Pennsylvania residents may be familiar with the story of an Austrian women who destroyed the equivalent of $1,020,490. This was reportedly done just before her death in an effort to keep heirs from inheriting it, and it is believed that the woman decided to take the drastic action to circumvent European estate laws. In many European nations, assets in an estate will automatically pass to a spouse or certain linear descendants.
The shredded currency, which was found in a nursing home the woman stayed in, was to be replaced according to the Austrian Central Bank. A representative of the bank said failure to transfer the money would punish the wrong people. While it may be tough to disinherit relatives in European nations, it is relatively easy to do in the United States if an individual has a will. However, if an individual has no will, the distribution of assets will be made in accordance with the state law of intestacy.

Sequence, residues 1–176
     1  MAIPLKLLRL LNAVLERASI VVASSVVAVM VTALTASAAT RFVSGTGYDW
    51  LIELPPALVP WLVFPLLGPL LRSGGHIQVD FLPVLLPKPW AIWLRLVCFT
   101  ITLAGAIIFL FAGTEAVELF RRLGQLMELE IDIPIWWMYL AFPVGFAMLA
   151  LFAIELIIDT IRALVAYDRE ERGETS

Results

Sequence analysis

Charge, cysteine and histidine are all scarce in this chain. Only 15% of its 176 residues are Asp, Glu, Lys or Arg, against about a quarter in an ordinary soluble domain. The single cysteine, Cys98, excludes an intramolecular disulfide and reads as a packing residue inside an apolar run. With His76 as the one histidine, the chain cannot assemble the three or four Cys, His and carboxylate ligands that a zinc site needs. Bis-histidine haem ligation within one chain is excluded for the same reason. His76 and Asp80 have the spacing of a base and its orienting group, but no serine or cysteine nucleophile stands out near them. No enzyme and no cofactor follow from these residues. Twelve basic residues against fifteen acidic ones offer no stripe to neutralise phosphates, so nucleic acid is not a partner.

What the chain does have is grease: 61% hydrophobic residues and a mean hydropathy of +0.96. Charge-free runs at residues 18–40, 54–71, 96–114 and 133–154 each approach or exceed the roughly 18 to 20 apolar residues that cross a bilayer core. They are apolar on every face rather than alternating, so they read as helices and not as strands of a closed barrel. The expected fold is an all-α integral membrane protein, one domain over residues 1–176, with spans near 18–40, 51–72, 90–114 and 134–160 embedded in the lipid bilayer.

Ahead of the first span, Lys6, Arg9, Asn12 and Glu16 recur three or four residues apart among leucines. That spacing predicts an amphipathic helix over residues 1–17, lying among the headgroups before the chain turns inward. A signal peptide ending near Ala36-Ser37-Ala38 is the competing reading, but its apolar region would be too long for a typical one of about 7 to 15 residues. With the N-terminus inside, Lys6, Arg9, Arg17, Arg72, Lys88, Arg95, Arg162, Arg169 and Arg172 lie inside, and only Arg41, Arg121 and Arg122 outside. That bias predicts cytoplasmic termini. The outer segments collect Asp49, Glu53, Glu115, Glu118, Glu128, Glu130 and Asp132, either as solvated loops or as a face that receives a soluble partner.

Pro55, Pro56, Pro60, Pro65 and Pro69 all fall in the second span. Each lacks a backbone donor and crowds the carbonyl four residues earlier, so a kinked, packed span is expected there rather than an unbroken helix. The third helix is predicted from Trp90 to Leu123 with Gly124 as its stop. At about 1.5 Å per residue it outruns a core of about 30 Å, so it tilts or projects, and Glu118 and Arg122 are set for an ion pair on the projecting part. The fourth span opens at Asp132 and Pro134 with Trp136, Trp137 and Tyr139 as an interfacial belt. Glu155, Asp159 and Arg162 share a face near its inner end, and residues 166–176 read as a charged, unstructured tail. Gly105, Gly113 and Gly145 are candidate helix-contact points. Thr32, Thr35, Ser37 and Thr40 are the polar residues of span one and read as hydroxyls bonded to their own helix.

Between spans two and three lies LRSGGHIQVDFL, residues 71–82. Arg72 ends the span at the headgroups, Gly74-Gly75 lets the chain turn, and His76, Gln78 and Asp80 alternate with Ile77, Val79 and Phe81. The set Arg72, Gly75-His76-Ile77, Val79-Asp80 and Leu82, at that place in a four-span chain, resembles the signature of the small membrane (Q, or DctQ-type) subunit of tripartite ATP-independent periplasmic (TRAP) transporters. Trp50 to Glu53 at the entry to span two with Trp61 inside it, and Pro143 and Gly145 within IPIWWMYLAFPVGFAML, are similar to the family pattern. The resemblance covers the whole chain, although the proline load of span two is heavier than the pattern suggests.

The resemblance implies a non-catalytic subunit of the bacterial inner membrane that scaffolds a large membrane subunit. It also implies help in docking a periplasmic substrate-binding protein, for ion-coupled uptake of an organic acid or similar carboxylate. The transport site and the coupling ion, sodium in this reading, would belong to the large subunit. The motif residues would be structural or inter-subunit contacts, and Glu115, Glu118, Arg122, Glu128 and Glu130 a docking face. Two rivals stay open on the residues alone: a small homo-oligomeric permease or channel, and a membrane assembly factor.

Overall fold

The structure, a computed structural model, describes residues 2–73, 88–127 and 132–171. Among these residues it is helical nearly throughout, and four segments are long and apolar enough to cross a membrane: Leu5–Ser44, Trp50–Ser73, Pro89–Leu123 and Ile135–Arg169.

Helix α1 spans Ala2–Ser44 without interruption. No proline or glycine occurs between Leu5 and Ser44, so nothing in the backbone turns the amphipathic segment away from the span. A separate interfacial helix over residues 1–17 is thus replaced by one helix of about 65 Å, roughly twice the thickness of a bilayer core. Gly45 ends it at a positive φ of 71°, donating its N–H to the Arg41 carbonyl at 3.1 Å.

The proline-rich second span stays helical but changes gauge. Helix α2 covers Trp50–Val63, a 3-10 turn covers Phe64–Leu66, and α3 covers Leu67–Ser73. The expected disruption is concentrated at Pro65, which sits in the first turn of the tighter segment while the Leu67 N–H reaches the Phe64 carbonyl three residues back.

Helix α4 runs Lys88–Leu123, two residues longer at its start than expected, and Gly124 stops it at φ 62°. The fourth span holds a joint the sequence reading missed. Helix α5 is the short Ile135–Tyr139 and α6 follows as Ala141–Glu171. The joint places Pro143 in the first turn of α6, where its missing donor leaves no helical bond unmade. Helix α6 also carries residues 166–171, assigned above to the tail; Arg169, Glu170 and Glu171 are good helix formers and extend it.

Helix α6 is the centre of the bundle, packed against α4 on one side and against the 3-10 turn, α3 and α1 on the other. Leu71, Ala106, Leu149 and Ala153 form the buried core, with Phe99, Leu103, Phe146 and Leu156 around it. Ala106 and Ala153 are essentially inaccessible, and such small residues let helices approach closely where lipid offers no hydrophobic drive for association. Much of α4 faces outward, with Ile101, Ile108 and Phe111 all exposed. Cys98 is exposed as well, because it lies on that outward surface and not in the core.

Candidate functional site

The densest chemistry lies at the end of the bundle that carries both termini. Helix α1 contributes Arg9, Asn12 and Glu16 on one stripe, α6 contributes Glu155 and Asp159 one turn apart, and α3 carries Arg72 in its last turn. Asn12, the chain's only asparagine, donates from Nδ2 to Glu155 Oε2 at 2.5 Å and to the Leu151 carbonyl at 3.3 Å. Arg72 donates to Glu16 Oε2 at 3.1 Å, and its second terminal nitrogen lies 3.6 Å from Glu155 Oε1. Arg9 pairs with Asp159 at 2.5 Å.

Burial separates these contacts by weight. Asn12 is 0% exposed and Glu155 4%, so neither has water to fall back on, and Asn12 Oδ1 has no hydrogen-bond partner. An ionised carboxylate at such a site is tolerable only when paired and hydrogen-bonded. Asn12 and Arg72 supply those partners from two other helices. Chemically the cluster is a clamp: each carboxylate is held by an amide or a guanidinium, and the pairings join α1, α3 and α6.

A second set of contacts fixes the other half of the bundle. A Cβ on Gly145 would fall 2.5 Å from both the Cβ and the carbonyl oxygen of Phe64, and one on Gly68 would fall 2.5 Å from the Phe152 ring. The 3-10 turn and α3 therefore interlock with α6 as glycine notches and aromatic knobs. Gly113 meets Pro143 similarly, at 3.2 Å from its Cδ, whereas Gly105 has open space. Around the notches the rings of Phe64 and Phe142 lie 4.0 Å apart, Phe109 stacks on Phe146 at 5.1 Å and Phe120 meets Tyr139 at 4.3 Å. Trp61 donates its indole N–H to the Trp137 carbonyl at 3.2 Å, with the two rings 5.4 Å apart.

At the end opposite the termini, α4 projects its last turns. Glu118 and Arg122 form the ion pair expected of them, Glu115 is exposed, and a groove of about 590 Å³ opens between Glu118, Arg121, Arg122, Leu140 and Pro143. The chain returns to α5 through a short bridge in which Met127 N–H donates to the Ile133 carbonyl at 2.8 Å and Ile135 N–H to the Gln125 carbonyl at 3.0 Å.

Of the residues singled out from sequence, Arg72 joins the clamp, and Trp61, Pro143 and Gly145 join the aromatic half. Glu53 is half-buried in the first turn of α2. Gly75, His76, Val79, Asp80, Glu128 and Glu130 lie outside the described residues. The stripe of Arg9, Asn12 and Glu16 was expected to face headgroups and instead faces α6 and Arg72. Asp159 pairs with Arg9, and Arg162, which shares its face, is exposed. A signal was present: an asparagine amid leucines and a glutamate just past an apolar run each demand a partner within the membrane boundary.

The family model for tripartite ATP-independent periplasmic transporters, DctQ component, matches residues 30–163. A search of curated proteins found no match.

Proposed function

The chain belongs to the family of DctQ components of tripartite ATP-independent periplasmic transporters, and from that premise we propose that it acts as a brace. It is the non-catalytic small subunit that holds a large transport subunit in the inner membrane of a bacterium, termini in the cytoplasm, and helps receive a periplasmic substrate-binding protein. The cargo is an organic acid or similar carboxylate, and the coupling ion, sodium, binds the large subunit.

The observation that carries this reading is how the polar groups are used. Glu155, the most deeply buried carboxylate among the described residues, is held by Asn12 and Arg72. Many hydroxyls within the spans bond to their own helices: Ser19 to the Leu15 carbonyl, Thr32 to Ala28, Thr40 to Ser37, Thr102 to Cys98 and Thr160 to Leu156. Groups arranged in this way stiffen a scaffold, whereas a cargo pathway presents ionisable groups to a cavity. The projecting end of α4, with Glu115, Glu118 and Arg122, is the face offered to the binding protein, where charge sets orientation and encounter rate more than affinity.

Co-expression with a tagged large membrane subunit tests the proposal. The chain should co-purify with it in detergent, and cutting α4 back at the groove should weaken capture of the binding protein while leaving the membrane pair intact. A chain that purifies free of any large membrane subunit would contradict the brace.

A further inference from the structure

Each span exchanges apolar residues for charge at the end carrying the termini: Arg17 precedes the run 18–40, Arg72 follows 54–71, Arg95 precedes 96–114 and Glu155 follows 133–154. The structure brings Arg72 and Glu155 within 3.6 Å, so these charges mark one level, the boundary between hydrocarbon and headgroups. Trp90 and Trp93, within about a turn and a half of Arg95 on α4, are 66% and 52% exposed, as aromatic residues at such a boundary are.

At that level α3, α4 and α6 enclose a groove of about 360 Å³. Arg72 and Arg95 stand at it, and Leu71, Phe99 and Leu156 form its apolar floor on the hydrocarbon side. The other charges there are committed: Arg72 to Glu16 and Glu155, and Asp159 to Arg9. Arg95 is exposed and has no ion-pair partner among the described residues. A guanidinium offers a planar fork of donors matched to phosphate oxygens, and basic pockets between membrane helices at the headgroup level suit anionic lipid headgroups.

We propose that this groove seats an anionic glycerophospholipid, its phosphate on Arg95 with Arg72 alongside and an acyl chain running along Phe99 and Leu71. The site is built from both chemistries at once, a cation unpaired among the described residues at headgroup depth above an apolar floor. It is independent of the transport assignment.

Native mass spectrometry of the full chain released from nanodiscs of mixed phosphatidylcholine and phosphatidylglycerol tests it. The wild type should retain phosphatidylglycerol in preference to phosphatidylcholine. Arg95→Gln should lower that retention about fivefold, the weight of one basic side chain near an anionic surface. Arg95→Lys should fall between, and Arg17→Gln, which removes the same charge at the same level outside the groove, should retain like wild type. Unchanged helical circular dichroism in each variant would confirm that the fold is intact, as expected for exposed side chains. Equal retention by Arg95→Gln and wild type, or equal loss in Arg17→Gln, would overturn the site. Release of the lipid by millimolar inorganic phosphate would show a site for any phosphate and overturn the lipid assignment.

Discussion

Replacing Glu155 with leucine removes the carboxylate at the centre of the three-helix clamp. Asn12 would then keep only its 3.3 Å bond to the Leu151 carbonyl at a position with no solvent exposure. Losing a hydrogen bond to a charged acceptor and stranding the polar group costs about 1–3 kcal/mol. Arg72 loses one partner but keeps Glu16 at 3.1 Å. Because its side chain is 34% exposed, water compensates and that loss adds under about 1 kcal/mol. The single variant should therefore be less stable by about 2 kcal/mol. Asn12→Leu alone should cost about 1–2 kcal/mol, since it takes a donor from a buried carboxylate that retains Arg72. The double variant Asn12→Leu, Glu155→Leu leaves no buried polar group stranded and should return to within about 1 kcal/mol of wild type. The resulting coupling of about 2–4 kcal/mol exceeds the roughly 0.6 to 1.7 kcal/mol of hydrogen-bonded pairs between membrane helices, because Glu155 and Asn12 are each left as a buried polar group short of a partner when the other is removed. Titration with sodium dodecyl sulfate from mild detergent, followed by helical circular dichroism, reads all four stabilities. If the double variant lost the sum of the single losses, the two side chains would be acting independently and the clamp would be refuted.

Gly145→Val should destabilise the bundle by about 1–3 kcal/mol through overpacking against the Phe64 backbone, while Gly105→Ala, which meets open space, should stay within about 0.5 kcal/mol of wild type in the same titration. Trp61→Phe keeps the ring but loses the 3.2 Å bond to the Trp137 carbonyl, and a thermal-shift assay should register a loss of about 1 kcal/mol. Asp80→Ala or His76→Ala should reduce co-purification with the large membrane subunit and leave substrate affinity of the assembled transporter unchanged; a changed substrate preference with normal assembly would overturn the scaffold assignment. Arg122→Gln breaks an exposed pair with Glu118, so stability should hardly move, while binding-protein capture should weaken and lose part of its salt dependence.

When creating an estate plan, it may be a good idea to be as specific as possible. Creating a will may make it easier to transfer assets to specific people or entities while omitting everyone else. To be considered valid, wills may need to be signed by two or more adults who are of sound mind. If a will is not considered valid, the language contained within it may not be honored.
It may also be a worthwhile to create a trust, which operates like a will but has additional features to protect assets. For instance, a trust is held outside of an estate, which may allow it to avoid probate and enable a speedy transfer of assets. Terms of a trust may also go into effect during an individual's lifetime if he or she becomes mentally incapacitated.